• Cauliflower
  • Brussel Sprouts
  • Broccoli
  • Arugula
  • All dried fruit
  • Vinegar
  • Alcoholic beverages
  • Dairy and Eggs
  • Soy
  • High amounts of lean animal products (higher fat meats and fish are preferable as they contain less sulfur)

Step 2: Avoid Sulfur-Containing Supplements
In conjunction with adjusting your diet, make sure to stop taking the following supplements:

  • Garlic Extracts
  • N-Acetylcysteine (NAC)
  • Glutathione
  • Taurine
  • Cysteine
  • Methionine
  • Chondroitin Sulfate and MSM
  • DMSA/DMSO
  • Milk Thistle
  • Alpha Lipoic Acid
  • Epson Salt Baths

Step 3: Support Your Transsulfuration Pathway
The following supplements are helpful in supporting your sulfur pathway:

  • B12 (in the form of hydroxocobalamin)
  • Molybdenum (use liquid version and start very slowly)
  • Calcium/Magnesium Butyrate

Step 4: Identify The Root Cause
As discussed above, you may have some genetic mutations that inhibit your body from processing and eliminating sulfur efficiently. I recommend that you seek out a qualified healthcare practitioner that can help you identify any genetic defects. Some key genetic markers to look out for are:

  • CBS/CSE
  • SUOX
  • NOS
  • MTHFR

Your practitioner may choose to assess your sulfur levels through urinary testing and may further recommend testing for heavy metals, chemical sensitivities, and dysbiosis. In some cases, the dietary recommendations may only have a slightly beneficial effect. In this instance, I recommend that you additionally consider avoiding foods high in thiols (compounds containing bivalent sulfur).9 Once you have established a clear picture on your current health status, your practitioner will be able to implement targeted treatment protocols to address the root cause of your problem.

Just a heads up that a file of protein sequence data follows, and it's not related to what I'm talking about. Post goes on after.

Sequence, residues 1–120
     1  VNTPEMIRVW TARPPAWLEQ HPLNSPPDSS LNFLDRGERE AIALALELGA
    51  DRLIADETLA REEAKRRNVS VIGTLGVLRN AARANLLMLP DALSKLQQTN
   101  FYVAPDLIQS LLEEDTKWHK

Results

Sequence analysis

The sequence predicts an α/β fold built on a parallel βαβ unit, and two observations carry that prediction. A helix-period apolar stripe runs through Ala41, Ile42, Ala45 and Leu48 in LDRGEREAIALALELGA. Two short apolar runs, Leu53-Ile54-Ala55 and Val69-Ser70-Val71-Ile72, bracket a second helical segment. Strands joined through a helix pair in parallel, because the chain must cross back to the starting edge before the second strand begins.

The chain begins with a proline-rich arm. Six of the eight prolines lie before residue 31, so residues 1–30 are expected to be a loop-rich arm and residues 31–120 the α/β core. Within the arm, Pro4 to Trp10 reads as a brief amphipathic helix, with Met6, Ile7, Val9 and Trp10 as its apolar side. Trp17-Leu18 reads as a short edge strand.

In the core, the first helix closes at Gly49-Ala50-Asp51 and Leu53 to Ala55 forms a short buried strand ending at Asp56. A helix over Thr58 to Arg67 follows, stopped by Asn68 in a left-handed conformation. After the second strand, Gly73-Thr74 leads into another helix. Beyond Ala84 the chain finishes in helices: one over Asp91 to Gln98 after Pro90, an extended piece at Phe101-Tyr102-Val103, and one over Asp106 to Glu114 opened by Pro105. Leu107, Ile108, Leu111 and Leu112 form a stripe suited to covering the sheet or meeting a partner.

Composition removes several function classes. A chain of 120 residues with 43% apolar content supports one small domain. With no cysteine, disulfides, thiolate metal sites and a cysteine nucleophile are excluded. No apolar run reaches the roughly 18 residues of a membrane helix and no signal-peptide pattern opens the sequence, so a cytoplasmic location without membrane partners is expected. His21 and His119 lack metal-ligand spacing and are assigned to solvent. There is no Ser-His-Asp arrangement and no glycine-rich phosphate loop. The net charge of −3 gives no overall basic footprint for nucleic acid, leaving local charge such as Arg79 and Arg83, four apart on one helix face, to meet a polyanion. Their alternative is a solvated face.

REFERENCES

  1. Lindeberg S, et al. A Palaeolithic diet improves glucose tolerance more than a Mediterranean-like diet in individuals with ischaemic heart disease.Diabetologia, 2007. [http://www.ncbi.nlm.nih.gov/pubmed/17583796]
  2. Osterdahl M, et al. Effects of a short-term intervention with a paleolithic diet in healthy volunteers. European Journal of Clinical Nutrition, 2008. [http://www.ncbi.nlm.nih.gov/pubmed/17522610]
  3. Jonsson T, et al. Beneficial effects of a Paleolithic diet on cardiovascular risk factors in type 2 diabetes: a randomized cross-over pilot study. Cardiovascular Diabetology, 2009. [http://www.ncbi.nlm.nih.gov/pubmed/19604407]
  4. Frassetto, et al. Metabolic and physiologic improvements from consuming a paleolithic, hunter-gatherer type diet. European Journal of Clinical Nutrition, 2009. [http://www.ncbi.nlm.nih.gov/pubmed/19209185]
  5. Ryberg, et al. A Palaeolithic-type diet causes strong tissue-specific effects on ectopic fat deposition in obese postmenopausal women. Journal of Internal Medicine, 2013. [http://www.ncbi.nlm.nih.gov/pubmed/23414424]
  6. Marcel E Nimni, Bo Han and Fabiola Cordoba. Are we getting enough sulfur in our diet? Nutrition & Metabolism 2007. [http://www.nutritionandmetabolism.com/content/4/1/24/]
  7. Greg Nigh, ND, LAc Maria Zilka, NTP. Identifying & Addressing Sulfur Reactions and Their Related Symptoms. Biotics Research Seminar, 07/20/2015. 
  8. ibid
  9. Clark. "Sulphur Foods (Thiols)." Livingnetworkcoza. Web. 8 Sept. 2015. [http://www.livingnetwork.co.za/chelationnetwork/food/high-sulfur-sulphur-food-list/]